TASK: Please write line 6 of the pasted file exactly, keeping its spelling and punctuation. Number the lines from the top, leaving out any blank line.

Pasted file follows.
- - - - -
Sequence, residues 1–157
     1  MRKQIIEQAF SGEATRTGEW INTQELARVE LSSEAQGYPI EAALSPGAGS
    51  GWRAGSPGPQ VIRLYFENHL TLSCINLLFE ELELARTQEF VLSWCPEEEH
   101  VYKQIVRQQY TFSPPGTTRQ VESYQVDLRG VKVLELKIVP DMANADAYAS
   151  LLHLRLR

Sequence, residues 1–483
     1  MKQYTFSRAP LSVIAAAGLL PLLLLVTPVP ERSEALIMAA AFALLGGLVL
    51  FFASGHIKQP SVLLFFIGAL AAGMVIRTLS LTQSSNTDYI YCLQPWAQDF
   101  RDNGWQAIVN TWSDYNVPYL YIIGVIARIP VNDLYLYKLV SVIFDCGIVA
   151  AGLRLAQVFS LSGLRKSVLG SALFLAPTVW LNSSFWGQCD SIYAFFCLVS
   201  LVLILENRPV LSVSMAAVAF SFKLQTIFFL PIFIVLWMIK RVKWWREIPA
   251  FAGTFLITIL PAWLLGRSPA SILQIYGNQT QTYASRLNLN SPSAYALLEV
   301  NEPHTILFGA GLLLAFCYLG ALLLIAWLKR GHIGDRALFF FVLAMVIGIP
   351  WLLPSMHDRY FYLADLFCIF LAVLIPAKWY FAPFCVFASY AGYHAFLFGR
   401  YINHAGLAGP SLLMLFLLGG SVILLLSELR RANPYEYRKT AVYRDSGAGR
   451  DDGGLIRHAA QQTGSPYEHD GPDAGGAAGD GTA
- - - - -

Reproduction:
Sequence, residues 1–483